Israel has attacked the council’s latest investigation since it was ordered last July. Israeli claims of bias forced the head of the investigation, Canadian law professor William Schabas, to resign earlier this year after it was discovered he had provided legal advice to the Palestine Liberation Organization. Schabas was replaced by Davis, an American jurist. The other member of the commission was Doudou Diene of Senegal.
Israel’s Foreign Ministry said it was studying the full U.N. report, but noted “it is well known that the entire process that led to the production of this report was politically motivated and morally flawed from the outset.” It said the UNHRC “has a singular obsession with Israel, passing more country specific resolutions against Israel than against Syria, Iran and North Korea combined – in fact, more than against all other countries combined.”
A report by the council into the 2008-2009 war, conducted by South African jurist Richard Goldstone, found evidence that Israel and Hamas both committed war crimes, though Goldstone later backed off his key allegations against Israel.
The U.N. commission, which presented its findings in Geneva, said the 2014 hostilities saw a huge increase in firepower, with more than 6,000 airstrikes by Israel and approximately 50,000 tank and artillery shells fired. Palestinian armed groups fired 4,881 rockets and 1,753 mortars toward Israel during the 50-day war, it said.
Palestinians have said that the Israeli army violated the rules of war, which include giving adequate warning to civilians, using proportionate force and distinguishing between civilians and combatants. They have pointed to the high civilian casualty count as evidence.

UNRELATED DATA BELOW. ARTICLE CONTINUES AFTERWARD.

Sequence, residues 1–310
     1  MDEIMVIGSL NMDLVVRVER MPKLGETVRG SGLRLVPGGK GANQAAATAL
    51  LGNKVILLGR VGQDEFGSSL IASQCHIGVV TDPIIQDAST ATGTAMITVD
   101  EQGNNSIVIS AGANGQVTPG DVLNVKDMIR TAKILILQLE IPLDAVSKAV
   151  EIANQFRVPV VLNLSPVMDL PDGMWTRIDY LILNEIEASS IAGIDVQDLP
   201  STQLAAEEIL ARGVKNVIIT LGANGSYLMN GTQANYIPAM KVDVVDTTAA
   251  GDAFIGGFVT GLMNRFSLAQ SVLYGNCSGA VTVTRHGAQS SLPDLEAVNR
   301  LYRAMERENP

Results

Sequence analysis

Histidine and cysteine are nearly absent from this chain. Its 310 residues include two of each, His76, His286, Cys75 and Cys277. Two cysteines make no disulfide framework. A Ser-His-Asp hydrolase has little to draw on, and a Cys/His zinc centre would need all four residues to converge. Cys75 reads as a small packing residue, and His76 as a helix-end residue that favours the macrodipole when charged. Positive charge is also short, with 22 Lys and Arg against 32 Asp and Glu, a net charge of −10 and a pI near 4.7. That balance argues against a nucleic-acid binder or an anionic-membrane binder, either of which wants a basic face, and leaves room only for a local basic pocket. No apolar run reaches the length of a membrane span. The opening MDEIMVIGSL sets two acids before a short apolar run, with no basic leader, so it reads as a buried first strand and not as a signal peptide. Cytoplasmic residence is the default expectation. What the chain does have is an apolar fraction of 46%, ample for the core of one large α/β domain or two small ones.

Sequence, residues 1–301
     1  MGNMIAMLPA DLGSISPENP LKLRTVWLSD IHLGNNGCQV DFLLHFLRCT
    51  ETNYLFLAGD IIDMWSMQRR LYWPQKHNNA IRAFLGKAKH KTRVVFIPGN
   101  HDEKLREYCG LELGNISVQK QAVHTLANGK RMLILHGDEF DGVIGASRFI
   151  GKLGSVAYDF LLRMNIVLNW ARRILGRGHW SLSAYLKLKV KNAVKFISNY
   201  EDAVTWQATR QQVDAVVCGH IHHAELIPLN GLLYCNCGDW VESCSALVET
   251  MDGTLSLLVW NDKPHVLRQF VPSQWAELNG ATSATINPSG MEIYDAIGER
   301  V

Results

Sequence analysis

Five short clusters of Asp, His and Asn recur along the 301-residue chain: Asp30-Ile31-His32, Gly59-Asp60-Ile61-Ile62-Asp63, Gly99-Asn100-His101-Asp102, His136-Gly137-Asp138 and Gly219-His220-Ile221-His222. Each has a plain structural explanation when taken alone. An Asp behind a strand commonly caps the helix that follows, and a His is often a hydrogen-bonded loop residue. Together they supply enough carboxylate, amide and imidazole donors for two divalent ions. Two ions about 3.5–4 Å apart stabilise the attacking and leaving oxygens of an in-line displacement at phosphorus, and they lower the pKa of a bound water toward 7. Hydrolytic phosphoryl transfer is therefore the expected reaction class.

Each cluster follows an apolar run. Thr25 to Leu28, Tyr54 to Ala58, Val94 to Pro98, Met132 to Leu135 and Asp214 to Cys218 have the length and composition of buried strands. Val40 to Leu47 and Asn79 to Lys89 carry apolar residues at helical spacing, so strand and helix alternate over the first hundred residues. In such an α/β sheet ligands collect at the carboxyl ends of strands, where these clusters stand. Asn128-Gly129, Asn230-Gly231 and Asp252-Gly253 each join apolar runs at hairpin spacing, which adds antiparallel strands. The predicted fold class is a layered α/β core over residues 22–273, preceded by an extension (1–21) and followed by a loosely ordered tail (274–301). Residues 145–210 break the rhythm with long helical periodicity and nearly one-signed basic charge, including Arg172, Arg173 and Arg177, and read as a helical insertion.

Israel claims that Hamas is responsible for the civilian casualties because it used Gaza’s residents as “human shields” by firing rockets from residential areas and operating in schools, hospitals and mosques. It also notes that Hamas’ rockets and mortar shells were aimed at Israeli population centres.
Israel has argued that it took unprecedented measures to avoid civilian casualties, ordering residents to evacuate through leaflets, phone calls, radio broadcasts and warning strikes with unarmed shells ahead of live airstrikes.
However, the U.N. commission said that in many incidents “the weapons used, the timing of attacks, and the fact that the targets were located in densely populated areas indicate that the Israel Defence Forces may not have done everything feasible to avoid or limit civilian casualties.”
In its conclusions, the commission said Israel “released insufficient information regarding the specific military objectives of its attacks.” It also noted Israel refused to allow its investigators to enter Gaza.
The report also criticized Hamas, saying that its rocket attacks toward Israel “caused immense distress and disruption to the lives of Israeli civilians, especially those living in the southern regions.”
It also noted that while Israel had taken steps to investigate its own alleged violations, it concluded that “investigations by Palestinian authorities are woefully inadequate.”
It also condemned the extrajudicial killings in Gaza of alleged “collaborators,” which it also called a potential war crime.
© 2015 The Canadian Press